Malhotra declined to say how many clients LoudCloud currently has but described the agreement with Unizin as a “big deal.”

Gates Bryant, a partner at the investment banking and strategy consulting firm Tyton Partners, said the Unizin deal, although interesting, doesn’t necessarily establish LoudCloud as a “major player” in the analytics market. “Their growth in this arena will as much be a reflection on Unizin’s evolving role and impact as it will be on the BNED LoudCloud offering,” he said in an email.

Another ‘Foundational Piece’ for Unizin

The agreement with LoudCloud is yet another piece of the “learning ecosystem” that Unizin is building, Chief Operating Officer Robin Littleworth said in an interview. The consortium, which launched in 2014, focuses on solving questions related to access, affordability and quality in higher education across institutional boundaries.

Since the launch, Unizin has worked on creating “relays” through which its member universities can share course content and data. Work on the relays has been gradual as the consortium has, through acquisitions and partnerships, pieced together the technology infrastructure needed to enable that sort of sharing.

Unizin CEO Amin Qazi elaborated on the consortium’s plans for data sharing in a blog post published earlier this month. In addition to sharing teaching and learning data, he wrote, the member universities are working on the Unizin Learning Laboratory, which will collect data about student engagement to benefit researchers across the consortium.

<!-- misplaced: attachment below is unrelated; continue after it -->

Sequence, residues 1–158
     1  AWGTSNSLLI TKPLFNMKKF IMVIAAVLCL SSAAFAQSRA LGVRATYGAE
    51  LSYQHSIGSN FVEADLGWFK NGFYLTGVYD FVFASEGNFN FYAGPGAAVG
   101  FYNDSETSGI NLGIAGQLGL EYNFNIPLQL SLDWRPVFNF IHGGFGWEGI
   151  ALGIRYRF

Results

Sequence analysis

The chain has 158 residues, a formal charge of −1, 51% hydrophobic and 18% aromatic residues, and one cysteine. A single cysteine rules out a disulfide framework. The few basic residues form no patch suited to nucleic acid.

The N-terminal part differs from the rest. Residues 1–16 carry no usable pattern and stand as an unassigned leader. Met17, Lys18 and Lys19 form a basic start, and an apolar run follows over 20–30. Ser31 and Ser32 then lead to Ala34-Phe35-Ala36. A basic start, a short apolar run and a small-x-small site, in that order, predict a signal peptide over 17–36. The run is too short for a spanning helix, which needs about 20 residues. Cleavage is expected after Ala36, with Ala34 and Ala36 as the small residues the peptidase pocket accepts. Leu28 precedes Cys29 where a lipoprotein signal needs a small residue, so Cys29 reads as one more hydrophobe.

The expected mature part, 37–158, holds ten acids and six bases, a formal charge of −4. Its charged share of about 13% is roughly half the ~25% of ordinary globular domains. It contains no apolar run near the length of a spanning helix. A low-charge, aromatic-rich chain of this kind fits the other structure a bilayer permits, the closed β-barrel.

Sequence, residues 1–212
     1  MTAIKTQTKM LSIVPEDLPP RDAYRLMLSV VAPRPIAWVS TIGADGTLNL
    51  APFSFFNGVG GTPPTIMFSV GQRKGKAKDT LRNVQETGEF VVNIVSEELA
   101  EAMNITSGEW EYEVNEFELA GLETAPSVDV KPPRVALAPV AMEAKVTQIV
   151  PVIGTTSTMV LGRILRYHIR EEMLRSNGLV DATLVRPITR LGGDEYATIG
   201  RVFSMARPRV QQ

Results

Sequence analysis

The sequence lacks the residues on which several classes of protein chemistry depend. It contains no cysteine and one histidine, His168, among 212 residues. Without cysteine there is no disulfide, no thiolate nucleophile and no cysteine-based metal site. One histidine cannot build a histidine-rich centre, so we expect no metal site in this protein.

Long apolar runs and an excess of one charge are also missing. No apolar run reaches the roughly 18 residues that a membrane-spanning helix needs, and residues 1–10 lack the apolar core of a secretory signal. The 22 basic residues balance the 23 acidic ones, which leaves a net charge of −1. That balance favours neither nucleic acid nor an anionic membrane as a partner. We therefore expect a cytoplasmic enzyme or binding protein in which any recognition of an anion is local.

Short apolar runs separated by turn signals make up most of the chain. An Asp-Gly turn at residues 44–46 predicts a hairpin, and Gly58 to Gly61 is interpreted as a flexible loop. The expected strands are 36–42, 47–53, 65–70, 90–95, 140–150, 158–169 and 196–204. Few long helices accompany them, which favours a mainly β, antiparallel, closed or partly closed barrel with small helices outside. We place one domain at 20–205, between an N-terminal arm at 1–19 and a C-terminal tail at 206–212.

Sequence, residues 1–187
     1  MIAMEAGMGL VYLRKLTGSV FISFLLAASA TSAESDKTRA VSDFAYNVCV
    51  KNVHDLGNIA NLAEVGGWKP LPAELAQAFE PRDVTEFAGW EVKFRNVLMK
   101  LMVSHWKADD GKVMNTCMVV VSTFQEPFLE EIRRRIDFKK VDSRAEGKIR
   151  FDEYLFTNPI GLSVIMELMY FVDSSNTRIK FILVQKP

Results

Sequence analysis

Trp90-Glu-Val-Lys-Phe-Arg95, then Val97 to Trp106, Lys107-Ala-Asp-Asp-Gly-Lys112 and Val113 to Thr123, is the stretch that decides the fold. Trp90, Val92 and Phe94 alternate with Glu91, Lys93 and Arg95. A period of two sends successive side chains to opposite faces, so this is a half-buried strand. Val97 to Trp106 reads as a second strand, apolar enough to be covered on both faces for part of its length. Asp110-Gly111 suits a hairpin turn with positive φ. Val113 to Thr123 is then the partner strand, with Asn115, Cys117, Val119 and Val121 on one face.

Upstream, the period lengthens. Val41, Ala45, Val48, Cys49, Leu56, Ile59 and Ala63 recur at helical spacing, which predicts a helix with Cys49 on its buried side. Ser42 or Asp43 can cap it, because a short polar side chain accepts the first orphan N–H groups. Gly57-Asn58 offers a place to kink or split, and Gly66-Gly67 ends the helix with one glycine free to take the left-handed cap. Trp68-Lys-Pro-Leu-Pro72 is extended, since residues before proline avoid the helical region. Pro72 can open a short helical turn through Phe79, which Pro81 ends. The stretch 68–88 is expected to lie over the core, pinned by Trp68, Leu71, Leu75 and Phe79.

“Imagine that a system of collecting and analyzing data was created by academics for academics,” Qazi wrote. “You own your data; you don’t need to purchase reports or subscribe to a service to get that information. It won’t be sold to outside vendors, it is standardized, and you can, with relative ease, access de-identified data from other member institutions within the consortium for research purposes.”

However, Littleworth said, the “foundational pieces” for that type of data gathering and sharing are still being laid, and Unizin is “just getting started” with piecing together its learning ecosystem. (He struck a similar tone in 2015, when he said data analytics software vendors were not yet ready to deliver the product Unizin envisioned.)

The progress, Littleworth said, depends on several factors. For one, Unizin’s members are “all at different paces and places” of setting up the systems on their campuses. Some, like Ohio State University, have just completed the migration to the Canvas learning management system, which serves as the consortium’s foundational platform. Others, like Indiana University, have already collected years’ worth of student engagement data.

Unizin will also continue to work with LoudCloud to customize its software to fit member universities’ needs, whether they need help with data collection or using the data to boost student retention, Littleworth said.

“We’re poised to take the lead in learning analytics,” Littleworth said. “We want to be able to leverage each others’ insights. LoudCloud has some turnkey capabilities that will benefit all of us. It’s not a silver bullet, but it’s certainly a good start.”